Texas Two Step BBQ Ribs with a Low Sodium Rib Rub

The challenge: Grilling baby back ribs so that the meat is fall-off-the-bone tender while having a smokey flavor and a crispy outer bark.  Impossible?  I thought so, until I tried this method I call Texas Two Step BBQ Ribs.

Baby Back Ribs Smoked on a Gas Grill


The Quest for Awesome Smoked Ribs

Each summer in Chicago, there are no shortage of local ribfests.  For those in the suburbs, yhe Village of Naperville puts on a huge ribfest and concert series, and, increasingly, each Chicago neighborhood is getting into the act.  We’re only 4 smoke filled blocks away from one of the biggest, Ribfest Chicago.  At each, the 3-bone sampler is the standard menu item and allows one to try a good 4 or 5 vendors and then vote for a winner.

For years, I’ve tried to create my own competition worthy ribs.  There are a couple of qualities that they all have:

  • Moist, tender meat where the bone is easily pulled out
  • A smooth, crispy bark on the top
  • Sweet and smokey flavor that leads to “smokey meat mouth”

Though without a dedicated smoker, and 6-8 hours of careful tending, I’d found it to be super hard to pull off the trifecta.

Start with a Great Dry Rub for Ribs

Great ribs begin with a great rib rub.  When applied ahead of time and allowed to absorb, they will tenderize and flavorize the meat.  I usually put my rubs on a day ahead of time, wrap tightly and stick back in the fridge.

Now, if you’re following a low sodium diet, you may be horrified to find that most rib rub recipes have a 3:1 ratio of sugar to salt.  If you put down half a rack or more, then you can easily find yourself feeling like a cured ham after dinner.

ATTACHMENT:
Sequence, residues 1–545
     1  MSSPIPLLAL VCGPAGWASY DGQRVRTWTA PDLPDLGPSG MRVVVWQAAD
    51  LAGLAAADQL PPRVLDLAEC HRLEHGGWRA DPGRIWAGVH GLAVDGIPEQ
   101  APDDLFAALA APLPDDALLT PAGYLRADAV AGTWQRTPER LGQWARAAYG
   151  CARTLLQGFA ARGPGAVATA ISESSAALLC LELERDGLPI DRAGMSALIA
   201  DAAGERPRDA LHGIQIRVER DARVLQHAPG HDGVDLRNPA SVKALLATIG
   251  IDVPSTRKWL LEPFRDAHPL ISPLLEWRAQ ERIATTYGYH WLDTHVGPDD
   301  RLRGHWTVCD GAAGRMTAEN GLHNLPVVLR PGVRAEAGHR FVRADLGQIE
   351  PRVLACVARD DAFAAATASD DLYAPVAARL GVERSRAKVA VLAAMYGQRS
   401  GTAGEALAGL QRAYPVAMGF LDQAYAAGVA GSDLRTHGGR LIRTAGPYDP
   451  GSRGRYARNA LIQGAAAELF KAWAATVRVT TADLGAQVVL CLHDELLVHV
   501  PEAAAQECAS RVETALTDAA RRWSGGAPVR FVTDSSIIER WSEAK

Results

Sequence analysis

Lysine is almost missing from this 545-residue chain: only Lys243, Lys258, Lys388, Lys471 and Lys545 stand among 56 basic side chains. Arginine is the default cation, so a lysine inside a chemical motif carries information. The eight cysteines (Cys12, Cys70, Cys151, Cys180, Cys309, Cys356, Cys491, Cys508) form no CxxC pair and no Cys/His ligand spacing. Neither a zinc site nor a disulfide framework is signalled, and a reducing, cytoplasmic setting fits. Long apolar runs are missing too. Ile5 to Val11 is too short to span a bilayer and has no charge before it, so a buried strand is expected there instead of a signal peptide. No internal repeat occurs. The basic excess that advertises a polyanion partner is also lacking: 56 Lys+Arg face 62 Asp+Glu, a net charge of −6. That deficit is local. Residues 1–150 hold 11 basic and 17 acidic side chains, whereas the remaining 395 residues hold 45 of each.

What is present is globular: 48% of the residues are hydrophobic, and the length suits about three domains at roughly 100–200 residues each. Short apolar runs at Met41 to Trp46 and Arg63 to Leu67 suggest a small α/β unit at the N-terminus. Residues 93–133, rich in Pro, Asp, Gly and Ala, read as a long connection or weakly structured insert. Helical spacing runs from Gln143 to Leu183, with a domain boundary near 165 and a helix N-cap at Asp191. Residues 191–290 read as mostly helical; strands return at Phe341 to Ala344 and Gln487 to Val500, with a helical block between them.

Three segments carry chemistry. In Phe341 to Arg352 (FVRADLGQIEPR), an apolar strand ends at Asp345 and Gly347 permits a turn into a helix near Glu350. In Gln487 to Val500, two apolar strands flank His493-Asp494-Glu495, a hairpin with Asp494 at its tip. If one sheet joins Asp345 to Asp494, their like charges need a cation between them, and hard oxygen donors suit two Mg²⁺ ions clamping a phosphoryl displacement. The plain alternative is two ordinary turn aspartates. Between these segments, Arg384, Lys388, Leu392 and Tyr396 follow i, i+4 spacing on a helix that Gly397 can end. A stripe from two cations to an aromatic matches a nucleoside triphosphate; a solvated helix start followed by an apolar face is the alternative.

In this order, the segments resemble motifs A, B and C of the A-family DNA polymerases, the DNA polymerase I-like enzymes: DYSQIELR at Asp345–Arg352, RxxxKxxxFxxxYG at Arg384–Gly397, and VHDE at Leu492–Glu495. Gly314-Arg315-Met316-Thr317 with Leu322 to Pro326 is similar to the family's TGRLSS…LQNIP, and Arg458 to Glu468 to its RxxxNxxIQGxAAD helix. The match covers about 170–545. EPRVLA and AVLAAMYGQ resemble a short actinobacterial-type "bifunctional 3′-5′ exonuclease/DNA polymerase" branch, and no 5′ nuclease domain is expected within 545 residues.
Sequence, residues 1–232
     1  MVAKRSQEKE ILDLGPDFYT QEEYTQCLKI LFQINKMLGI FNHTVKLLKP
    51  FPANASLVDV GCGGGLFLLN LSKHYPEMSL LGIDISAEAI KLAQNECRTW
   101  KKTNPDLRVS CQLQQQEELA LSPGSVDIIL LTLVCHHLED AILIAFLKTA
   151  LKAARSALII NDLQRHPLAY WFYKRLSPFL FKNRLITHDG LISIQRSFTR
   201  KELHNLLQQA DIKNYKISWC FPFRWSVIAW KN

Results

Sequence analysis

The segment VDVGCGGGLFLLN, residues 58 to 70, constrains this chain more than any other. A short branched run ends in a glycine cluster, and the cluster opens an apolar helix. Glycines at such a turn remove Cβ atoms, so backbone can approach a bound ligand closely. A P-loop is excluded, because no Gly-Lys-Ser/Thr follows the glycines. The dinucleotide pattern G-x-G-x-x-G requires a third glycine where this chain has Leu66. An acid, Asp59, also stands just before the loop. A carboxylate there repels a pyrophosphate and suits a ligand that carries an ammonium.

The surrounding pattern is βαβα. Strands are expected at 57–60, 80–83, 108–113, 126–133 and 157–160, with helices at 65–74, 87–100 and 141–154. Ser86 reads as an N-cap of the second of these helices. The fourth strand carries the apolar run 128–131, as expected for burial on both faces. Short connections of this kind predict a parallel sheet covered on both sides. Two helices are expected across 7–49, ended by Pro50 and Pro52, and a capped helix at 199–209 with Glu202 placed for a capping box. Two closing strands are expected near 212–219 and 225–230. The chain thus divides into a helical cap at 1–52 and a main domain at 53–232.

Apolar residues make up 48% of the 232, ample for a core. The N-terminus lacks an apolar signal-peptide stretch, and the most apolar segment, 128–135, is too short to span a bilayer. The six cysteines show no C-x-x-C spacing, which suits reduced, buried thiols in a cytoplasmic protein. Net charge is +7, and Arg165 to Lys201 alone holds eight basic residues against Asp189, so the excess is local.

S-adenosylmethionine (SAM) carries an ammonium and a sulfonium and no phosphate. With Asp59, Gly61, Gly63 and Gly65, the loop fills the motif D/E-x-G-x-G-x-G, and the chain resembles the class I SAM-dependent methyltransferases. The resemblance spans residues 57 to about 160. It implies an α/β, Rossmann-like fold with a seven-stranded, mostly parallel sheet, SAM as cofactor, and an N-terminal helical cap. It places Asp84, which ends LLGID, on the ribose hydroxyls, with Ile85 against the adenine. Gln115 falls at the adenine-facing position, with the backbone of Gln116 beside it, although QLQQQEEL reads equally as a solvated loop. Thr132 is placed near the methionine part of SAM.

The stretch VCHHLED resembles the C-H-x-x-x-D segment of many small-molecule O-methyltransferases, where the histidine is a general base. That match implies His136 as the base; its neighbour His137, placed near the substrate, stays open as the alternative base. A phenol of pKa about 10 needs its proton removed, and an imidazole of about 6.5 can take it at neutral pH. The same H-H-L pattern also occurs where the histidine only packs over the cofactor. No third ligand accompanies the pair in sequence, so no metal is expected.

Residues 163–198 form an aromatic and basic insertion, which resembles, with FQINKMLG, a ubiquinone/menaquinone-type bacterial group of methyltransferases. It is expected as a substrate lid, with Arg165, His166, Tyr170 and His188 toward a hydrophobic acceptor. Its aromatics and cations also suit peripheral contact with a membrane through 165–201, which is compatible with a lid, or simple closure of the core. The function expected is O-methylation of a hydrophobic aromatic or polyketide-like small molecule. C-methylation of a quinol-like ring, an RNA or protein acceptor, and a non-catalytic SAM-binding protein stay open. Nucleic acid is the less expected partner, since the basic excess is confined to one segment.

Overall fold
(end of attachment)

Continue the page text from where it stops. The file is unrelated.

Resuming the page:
In the recipe below, I’ve done my best to create a low sodium rib rub that’s still quite flavorful.  This way, you salt the ribs lightly first, then apply a liberal coating of the rib rub.

Texas Two Step Ribs on the grill in a rib rack

Texas Crutch for BBQ Ribs

In a dense, urban environment, owning a smoker, in addition to a gas grill, In my first recipe for grilled ribs, I tried cooking exclusively on the grill and used a smoker box.   While this had the flavor right, the meat wasn’t as tender as I wanted.

Searching for answers, I came across the 3-2-1 Ribs method several times.  3 hours of smoking, 2 hours wrapped in foil, 1 hour more of high heat.  I’m sure they’re great, but I don’t have 6 hours to tend to meat.

What I’ve tried, which I call Texas Two Step BBQ Ribs, cuts the cooking time in half.

The first step is cooking indoors in the oven wrapped tightly in heavy duty foil.  This is the legendary Texas Crutch and is used for brisket and pulled pork as well.  It will keep the meat moist while cooking and prevent drying out.  However, I find the meat soggy to cook it only this way.  So I take it out early and finish on the grill.

Plate of smoked bbq ribs using the Texas Two Step method


Finish by Grilling and Smoking the Ribs

After 2 hours in the oven, you’ll finish on the grill for 1 hour last hour of smoking.  Carefully take the ribs out of the foil and place on the grill in an indirect cooking setup after your smoke is going nice and heavy.  In the final 15 minutes, you can crank the heat up to high to really crisp off the exterior.

Cutting board with bbq ribs

More Great Time Savers

I love finding ways to take really flavorful cuts of meat that traditionally take hours and hours to prepare — and find ways to do it just as tasty but much quicker. Here are some more of my favorites, please check them out!

Slices of Beef Brisket from the Pressure CookerPressure Cooker Beef Brisket
No Sauce Pulled Pork in a Pressure CookerNo Sauce Pressure Cooker Pulled Pork